to those concerning perceptions of art museums

    and the prioritized motivations for visiting an art

    museum.

    IMPLEMENTING AND ADAPTINGUnderstanding visitor attitudes about digital

    initiatives, and how those attitudes can change

    over a single visit, can be invaluable for an art

    museum, but each institution may want to adapt

    question and scale language to better fit their

    research needs and objectives.

    Examples

    04 Attitudes and Ideas about Art Museums: Perceptions of Digital Interactives

    Pre-Visit and Post-Visit: Where on the scale best reflects your attitudes toward technology use in art museums? (This includes the use of museum apps, audio tours, videos, and digital interactives)

    I prefer I think not to the use of engage technology with greatly technology enhances the in an art art museum museum experience

    1 2 3 4 5 6 7 8 9 10

    Post-Visit: What are three words you would use to describe the ARTLENS Gallery?

    14

  • How and to what extent did visitor experiences with digital interactives

    impact the overall museum experience?

    05 Overall Experience and Impact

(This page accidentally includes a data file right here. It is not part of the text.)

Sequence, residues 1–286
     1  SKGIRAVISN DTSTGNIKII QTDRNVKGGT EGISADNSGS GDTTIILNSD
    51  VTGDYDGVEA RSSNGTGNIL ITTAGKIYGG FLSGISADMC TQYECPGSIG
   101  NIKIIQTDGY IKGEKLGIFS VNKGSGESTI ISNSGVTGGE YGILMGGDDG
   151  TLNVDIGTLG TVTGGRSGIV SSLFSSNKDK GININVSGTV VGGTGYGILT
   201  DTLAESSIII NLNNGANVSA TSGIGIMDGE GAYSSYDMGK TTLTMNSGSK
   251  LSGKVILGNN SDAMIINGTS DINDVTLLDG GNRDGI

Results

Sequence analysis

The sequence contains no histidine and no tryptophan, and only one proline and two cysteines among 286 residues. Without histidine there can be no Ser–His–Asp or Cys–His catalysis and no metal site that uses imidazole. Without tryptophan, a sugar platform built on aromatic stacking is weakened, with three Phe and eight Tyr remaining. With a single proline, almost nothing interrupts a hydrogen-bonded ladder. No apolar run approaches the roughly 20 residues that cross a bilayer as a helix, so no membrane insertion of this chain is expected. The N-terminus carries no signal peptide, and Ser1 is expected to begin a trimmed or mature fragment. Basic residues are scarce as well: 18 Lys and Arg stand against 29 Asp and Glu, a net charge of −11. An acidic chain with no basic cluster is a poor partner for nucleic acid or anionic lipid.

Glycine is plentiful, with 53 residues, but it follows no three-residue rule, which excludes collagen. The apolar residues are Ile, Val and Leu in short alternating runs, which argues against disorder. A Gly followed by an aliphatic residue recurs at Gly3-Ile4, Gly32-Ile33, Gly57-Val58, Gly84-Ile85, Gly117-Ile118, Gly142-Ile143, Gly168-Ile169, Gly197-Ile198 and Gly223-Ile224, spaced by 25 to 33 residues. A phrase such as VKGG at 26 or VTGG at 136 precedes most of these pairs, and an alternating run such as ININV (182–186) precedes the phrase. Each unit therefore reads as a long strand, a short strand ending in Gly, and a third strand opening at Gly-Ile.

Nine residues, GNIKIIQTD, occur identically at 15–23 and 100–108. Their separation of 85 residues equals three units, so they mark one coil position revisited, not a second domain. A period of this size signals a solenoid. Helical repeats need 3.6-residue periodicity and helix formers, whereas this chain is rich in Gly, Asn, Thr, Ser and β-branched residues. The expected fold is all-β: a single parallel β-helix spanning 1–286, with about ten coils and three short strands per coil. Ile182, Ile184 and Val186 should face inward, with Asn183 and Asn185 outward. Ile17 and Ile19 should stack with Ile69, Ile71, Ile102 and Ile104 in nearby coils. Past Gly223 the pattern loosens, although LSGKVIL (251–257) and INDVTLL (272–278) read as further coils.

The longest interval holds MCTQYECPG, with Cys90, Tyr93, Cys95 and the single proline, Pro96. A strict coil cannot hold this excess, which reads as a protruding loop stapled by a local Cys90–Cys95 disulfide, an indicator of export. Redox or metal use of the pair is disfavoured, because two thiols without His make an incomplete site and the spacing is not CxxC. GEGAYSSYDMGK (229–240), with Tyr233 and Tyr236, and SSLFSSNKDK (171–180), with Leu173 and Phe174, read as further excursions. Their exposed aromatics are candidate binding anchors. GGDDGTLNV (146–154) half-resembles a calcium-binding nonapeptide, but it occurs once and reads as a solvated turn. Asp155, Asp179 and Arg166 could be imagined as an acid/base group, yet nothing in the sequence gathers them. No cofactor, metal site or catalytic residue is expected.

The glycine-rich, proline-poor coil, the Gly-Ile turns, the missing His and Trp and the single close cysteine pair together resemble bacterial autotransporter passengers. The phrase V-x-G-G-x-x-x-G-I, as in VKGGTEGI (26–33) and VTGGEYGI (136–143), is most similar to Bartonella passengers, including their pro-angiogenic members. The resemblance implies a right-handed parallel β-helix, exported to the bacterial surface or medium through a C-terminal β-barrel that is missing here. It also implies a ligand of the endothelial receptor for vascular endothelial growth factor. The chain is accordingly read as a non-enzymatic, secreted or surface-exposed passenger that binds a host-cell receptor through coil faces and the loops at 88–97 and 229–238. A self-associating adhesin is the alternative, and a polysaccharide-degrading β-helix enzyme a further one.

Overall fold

15

  • USE AT CMAAt the CMA, certain questions such as the Overall

    Experience Rating (OER) are used in numerous

    surveys in order to compare program, exhibition,

    and event experiences alongside general museum

    visits. In this study, it was

    important to evaluate not

    just the impact of digital

    interactives but also to

    what extent they

    influenced the entire museum experience and

    visitors’ outlook for potential future museum

    experiences.

    VALUE OF METRICSMeasuring the impact of any new or

    supplementary elements of a museum

    experience is extremely valuable but must be

    done in a way that is comparable to a baseline

    dataset such as that formed by a general

    museum experience survey.

    IMPLEMENTING AND ADAPTINGApart from an experience rating question such as

    OER, additional questions about experiences and

    future visitor behaviors should be adapted

    so that affirmation statements align with each

    institution’s project goals and objectives.

    Examples

    05 Overall Experience and Impact

    Pre-Visit: How do you think you will rate your overall experience at the museum today?/Post-Visit: Please rate your overall experience at the museum today:

    Poor Fair Good Excellent Superior

    Post-Visit: How likely are you to visit an art museum (either the CMA or another) in the next year?

    Extremely Unlikely Neutral Likely Extremely unlikely likely

    Post-Visit: Which THREE factors were the most satisfying in your visit to the CMA today?

    To have fun and be entertained

    To learn something new or feel intellectually stimulated

    To socialize or be with friends and family

    To relax or slow down

    To feel inspired or admire things that are beautiful or interesting